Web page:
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Catching Up With Casey Biggs, Part 1

Catching Up With Casey Biggs, Part 1

Star Trek: Deep Space Nine was stacked with top-notch character actors who stepped into recurring roles and made them their own, in the process upping the ante for the show’s regulars and other guest stars, and adding additional layers of intrigue to DS9’s brand of dark, compelling storytelling. One such actor was Casey Biggs, who breathed vivid life into Damar, who rose from Cardassian officer under Gul Dukat to (puppet) leader of Cardassia, and then from hero to martyr. Biggs played Damar – and variations of the character, including a hologram and hallucination – in 23 episodes spanning from “Return to Grace” in season four to the series finale, “What You Leave Behind,” in season seven. The actor also portrayed the human Dr. Wykoff in the seventh-season DS9 hour “Shadows and Symbols” and an Illyrian captain in the Star Trek: Enterprise installment “Damage.” recently caught up with Biggs for an in-depth two-part interview in which he recounted his Star Trek experiences and filled us in on what he’s doing these days. Below is part one of our exclusive conversation, and visit again tomorrow to read part two.

Damar was supposed to be a one-off, right?

Biggs: Exactly. I even said, “Why are they asking me to come in here? They could get anyone to do this.” It was like one line, or something. Little did I know they were looking for a foil for Dukat, for Marc Alaimo’s character. When I got on there they just liked what I was doing so much that they just kept writing more and more and more. I was on the show for four years, I think, and the role kept getting bigger and bigger. It was a wonderful character arc to play, to go from the bad guy’s lackey to the leader of the empire. That was pretty great.

You ultimately played Damar in 23 episodes of DS9. What do you remember of “Return to Grace,” your very first outing?

Biggs: I’d never done anything like it before. I had no idea who these Cardassians were. My first day I met Marc Alaimo, and thank God. He’s the quintessential Cardassian. He is Cardassian. He said, “Arrrggh, don’t worry about it. I’ll tell you what you need to know.” It was actually quite a good episode. We were on this clunker ship and we hijacked or sabotaged a Klingon ship. I thought, “Oh, this is going to be a good storyline,” but then they dropped that right away, for some reason. But what a world to step into, boy, I’ll tell you. I’m still great friends with the majority of the people and have the highest regard for their abilities. Most of them were classically trained actors, which was terrific.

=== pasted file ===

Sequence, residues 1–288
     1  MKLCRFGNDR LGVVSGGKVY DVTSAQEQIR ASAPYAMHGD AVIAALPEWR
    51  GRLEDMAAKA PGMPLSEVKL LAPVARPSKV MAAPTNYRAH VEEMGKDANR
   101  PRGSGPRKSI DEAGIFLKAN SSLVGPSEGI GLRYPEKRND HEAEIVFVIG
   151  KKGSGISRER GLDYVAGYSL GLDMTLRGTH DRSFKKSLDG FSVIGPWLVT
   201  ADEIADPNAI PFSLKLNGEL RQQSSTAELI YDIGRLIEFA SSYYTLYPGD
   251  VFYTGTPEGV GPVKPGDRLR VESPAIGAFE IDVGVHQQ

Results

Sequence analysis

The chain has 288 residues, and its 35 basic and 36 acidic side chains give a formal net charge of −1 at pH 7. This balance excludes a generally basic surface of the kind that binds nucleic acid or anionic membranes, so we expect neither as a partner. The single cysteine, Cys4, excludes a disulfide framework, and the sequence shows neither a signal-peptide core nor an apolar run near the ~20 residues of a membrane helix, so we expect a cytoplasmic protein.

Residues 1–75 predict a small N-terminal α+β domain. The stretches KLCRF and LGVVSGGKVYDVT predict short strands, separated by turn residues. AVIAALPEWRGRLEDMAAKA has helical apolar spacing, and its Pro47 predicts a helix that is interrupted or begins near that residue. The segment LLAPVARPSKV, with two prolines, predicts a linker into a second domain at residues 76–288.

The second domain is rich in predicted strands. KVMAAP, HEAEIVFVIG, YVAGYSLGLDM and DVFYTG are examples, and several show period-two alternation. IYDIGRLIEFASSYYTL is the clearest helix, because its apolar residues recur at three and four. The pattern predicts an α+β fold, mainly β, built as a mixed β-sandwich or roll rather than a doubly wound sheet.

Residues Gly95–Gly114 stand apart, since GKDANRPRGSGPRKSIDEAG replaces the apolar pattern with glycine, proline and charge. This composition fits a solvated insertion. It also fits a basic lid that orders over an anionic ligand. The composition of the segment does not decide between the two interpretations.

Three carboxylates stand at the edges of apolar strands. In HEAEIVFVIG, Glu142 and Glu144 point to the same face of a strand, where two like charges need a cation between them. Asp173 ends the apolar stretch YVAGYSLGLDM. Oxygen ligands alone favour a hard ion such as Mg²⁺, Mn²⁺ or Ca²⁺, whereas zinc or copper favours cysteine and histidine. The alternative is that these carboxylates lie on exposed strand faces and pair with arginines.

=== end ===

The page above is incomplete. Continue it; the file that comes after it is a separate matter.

DS9 was thick with political intrigue. Did you read scripts or watch episodes that you weren’t in, in order to keep track of everything for when you/Damar were involved?

Biggs: I have to say no, I didn’t. I read the scripts that I was in. Then, I did start watching the show a little bit. Marc and I talked a lot. Jeff Combs became a good friend, and Damar and Weyoun became the Bickersons of outer space, as I called us. But, as an actor does, you do your homework. The first time I did looping, I went to the looping stage and they said, “You weren’t Cardassian enough.” I said, “What the hell does that mean?” They said, “We have no idea what that means.” I just decided that these guys are military, that they’re patriotic military guys, and that should be their focus. There’s a certain way, when you spend your entire life serving something or someone, that you behave. What I really loved about what they did with my character was they allowed him ultimately to get much more of a sense of humor, as bizarre as it was.

You’ve said that it was (writer-producer) Hans Beimler who created Damar…Biggs: He did. Every time my character appeared on screen, whether he wrote it or not, he got like 200 bucks. That’s what he said. Ultimately, Damar became a very, very complex character. In the beginning, it was very two-dimensional. He was just somebody sitting there to serve the cause. Then I started to get a conscience when I was used as a puppet to take over during the whole Founders storyline. Then, Damar couldn’t take it anymore, went underground, and became a rebel and ultimately a hero. I mean, what a fantastic character arc to play. What was wonderful, and what I think I brought to it, was that conflict, that inner conflict that you go through when you’re doing things you don’t really want to do or you don’t really believe in. Then, if you get the courage to really step up to the plate, it gets wonderful. So I was very honored to have played that.

We’re not going to ask you to go through every episode…

Biggs: I have to honestly say that I don’t remember them all, so that’s probably a good thing.

Let’s ask you this, though: which ones stick out the most in your mind all these years later, and why?

Biggs: I liked the one where I kept killing off Weyoun (Combs). I remember a wonderful scene where Weyoun comes into my office and starts griping at me, and I say, “You’d better be careful or I’ll be talking to Weyoun #9 pretty soon.” I loved that kind of stuff. I also loved the one ("Strange Bedfellows") that Rene Auberjonois directed, where I actually stopped drinking. I got to throw that horrible kanar at the mirror and watch it drip down, and I never had to take another sip of that stuff. That was also the episode where I found out that I had a family. I had no idea that Damar even had a family until I read that script. Weyoun comes in and says, “Well, your wife and child were killed.” I read that and said, “I had no idea that I had a wife and child.” I might have played Damar a little differently if I had known that.

Check in again tomorrow at to read the second half of our interview with Casey Biggs.